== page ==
July 10, 2012 |
L.A.'s Museum of Contemporary Art may not be well-endowed financially, but it's getting ready to shake its booty nevertheless: An upcoming exhibition will examine the cultural impact of disco music, according to a report Tuesday by the New York Observer's GalleristNY blog. Basing his post on an interview Monday with museum Director Jeffrey Deitch, blogger Michael H. Miller reported that the exhibition, “Fire in the Disco,” will be co-curated by James Murphy of the now-disbanded dance-rock group LCD Soundsystem.
October 10, 2013 |
Those on the West Coast still adjusting to a new day might want to head straight to the headphones: David Bowie has just released an epic remix of his "Love Is Lost," deconstructed by producer/LCD Soundsystem founder James Murphy. Ten minutes of noggin-rattling fun, the track, subtitled "Hello Steve Reich Mix by James Murphy for the DFA," is a joyful way to start a Thursday. Specifically, the piece begins with applause, which gracefully evolves into an off-kilter, clapped beat.
April 27, 2013 |
By the time you read this post it will likely be too late, but the Rolling Stones have scheduled a last-minute club gig in Los Angeles on Saturday night in preparation for the continuation of the band's "50 and Counting" anniversary tour. Tickets to the show, which appears to be scheduled for the Echoplex in Echo Park, are $20, cash only, and could be purchased starting at 1 p.m. at the El Rey. The ability to purchase tickets was to be assigned via a lottery and there is a one-ticket limit.
April 19, 2013 |
When the Yeah Yeah Yeahs began making records in 2001, it would've been difficult to imagine the band someday doing a song as "Like a Prayer"-ish as "Sacrilege," the first track on its new album. "Falling for a guy, fell down from the sky," frontwoman Karen O sings over a descending guitar figure, "Halo round his head, feathers in our bed. " Later in the tune a gospel choir shows up -- as one did last weekend during the group's performance at Coachella, where it's to play again Friday night -- and pushes "Sacrilege" into true-blue power-in-the-midnight-hour territory.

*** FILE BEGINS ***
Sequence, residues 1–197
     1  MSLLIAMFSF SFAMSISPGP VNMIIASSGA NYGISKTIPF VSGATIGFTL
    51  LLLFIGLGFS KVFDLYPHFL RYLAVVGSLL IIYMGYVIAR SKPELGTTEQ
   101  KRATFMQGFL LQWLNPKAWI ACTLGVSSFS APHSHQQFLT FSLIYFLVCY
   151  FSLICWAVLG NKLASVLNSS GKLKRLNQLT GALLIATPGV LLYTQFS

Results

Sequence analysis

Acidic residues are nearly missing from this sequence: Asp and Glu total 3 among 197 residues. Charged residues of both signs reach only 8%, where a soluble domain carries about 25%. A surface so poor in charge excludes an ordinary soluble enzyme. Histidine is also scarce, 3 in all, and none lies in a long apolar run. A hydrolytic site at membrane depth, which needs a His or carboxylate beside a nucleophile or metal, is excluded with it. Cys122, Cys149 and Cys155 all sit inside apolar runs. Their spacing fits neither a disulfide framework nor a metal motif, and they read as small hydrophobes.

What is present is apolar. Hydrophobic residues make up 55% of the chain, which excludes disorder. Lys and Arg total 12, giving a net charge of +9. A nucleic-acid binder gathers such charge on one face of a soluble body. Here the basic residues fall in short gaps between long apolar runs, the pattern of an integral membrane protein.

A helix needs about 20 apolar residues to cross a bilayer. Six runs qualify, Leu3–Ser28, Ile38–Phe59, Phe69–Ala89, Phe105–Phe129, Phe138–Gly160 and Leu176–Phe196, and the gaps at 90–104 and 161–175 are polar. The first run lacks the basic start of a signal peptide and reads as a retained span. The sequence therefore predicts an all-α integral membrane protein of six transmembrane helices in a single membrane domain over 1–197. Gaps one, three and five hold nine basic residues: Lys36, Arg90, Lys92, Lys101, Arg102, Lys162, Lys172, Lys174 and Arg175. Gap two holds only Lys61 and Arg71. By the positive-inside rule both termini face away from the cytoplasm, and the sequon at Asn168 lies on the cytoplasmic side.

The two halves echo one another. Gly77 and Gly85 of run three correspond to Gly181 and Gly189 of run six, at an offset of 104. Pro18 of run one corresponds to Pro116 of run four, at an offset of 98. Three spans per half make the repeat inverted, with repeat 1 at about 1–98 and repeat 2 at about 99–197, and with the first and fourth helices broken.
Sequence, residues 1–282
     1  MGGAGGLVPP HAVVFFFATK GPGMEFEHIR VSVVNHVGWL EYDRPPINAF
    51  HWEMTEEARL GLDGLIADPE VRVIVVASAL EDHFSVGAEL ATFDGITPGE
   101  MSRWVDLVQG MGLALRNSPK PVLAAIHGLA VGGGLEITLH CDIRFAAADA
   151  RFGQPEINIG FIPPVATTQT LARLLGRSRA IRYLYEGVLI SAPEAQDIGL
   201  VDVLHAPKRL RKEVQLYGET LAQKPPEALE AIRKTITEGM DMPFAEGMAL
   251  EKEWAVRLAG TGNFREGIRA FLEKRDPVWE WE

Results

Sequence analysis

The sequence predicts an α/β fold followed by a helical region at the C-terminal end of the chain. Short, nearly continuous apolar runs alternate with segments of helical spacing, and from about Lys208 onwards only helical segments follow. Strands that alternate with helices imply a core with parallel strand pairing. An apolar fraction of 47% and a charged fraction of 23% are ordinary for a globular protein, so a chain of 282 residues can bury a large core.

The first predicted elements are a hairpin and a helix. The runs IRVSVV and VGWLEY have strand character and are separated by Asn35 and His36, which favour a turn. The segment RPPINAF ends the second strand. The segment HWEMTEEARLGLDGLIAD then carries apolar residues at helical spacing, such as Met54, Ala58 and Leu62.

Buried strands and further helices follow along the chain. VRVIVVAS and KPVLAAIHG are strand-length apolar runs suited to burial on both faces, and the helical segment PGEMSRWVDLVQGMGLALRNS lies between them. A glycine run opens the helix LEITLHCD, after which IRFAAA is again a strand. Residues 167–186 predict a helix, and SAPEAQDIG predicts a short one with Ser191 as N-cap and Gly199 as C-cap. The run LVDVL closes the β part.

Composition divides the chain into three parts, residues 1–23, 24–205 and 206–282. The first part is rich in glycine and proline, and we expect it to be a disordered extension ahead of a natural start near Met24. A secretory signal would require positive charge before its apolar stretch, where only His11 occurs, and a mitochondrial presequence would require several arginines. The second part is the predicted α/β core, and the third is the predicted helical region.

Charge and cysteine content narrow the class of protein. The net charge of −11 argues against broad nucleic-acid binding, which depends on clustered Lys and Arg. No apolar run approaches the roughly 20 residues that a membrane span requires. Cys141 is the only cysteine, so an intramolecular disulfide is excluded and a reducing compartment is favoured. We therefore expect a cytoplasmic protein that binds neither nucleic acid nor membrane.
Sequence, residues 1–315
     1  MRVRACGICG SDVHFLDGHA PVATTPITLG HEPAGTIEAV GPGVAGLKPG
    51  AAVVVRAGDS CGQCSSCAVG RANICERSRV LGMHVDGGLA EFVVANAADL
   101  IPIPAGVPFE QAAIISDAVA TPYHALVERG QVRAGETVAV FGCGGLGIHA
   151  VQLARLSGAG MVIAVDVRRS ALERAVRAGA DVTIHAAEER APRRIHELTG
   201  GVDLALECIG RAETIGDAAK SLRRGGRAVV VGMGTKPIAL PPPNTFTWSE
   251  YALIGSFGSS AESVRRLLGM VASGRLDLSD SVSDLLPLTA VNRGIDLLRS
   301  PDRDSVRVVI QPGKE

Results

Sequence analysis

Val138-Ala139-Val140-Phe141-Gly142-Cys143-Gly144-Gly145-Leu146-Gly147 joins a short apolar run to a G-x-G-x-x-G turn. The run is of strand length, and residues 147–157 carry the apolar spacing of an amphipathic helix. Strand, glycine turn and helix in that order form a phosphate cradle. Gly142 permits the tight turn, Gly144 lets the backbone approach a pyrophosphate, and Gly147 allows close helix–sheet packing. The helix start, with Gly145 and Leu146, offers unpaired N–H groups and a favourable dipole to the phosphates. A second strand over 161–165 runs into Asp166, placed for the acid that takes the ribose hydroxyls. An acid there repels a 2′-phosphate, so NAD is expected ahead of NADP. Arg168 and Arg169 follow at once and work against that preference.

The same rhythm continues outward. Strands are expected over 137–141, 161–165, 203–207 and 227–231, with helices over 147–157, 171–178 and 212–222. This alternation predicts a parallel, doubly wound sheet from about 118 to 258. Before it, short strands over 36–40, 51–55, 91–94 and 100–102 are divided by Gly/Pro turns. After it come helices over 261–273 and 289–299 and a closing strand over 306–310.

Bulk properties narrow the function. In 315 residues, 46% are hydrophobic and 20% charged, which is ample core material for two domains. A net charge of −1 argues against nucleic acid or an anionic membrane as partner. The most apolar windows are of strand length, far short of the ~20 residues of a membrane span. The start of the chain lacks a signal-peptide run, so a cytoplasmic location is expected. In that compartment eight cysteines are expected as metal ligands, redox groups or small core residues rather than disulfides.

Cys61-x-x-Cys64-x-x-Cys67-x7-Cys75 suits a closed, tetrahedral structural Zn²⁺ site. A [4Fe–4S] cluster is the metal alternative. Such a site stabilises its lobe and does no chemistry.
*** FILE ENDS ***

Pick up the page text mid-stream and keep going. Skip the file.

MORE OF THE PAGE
December 21, 2007 |
Jeremy Dawson was traveling the morning of Dec. 6, heading back home to Los Angeles for a DJ gig at the BPM magazine holiday party, when his cellphone buzzed. "It was a text from the president of the record company," the keyboardist for electro-rock quartet Shiny Toy Guns said. "It said, 'Congratulations, I'll take that.'
June 5, 2009 |
To the casual observer, it looked like a typical night out at a Hollywood club -- crowded dance floor moving to the sounds of a DJ, deep scrums at every available bar, couples making out. But to the seasoned clubber, a recent night at the Avalon's weekly "Control" party was far from typical. The dance floor was conspicuously free from the usual orange tans and Affliction and Ed Hardy fashions prevalent in Hollywood.
November 10, 2011 |
Metaphors and visual symbols play a big role in conceptual landscape painter Whitney Bedford's life. Take what happened in 2001. The daughter of an international businessman and a flight attendant, Bedford impulsively jumped on a plane to follow a man she had a crush on to Antarctica. When she arrived in Ushuaia, Argentina , the southernmost city in the world and a port to the South Pole, she discovered he wasn't there. "I was devastated," she said. A master's in fine arts candidate at UCLA at the time, she decided to stay for a couple of weeks and make the best of it. "I took flying lessons and used it as a metaphor for coming back up" from her emotional doldrums.
March 18, 2007 |
LCD Soundsystem Sound of Silver (DFA/EMI) **** JAMES MURPHY, foreman of the New York electro wrecking crew LCD Soundsystem, is a kind of clubland Lenny Bruce. In songs concocted from whatever's been spilled on the dirty dance floor since punk first went nightclubbing around 1980, Murphy yelps in the voice of a late-night party crasher, smacking the "in" crowd -- post-post-punks, aging club kids, jaded Brooklynites -- with observations that entice and insult.
October 28, 2007 |
We all know the music industry is a mess. The album format may be going the way of the woolly mammoth, possibly taking the major labels with it. Concert tickets cost too much, and with the Web encouraging a million little niche markets, no one soundtrack is inspiring a generation. We've come so far, only to arrive at "High School Musical." Yet as anarchy descends, something remarkable keeps happening -- artists from across the playing field are hitting peaks and causing major excitement.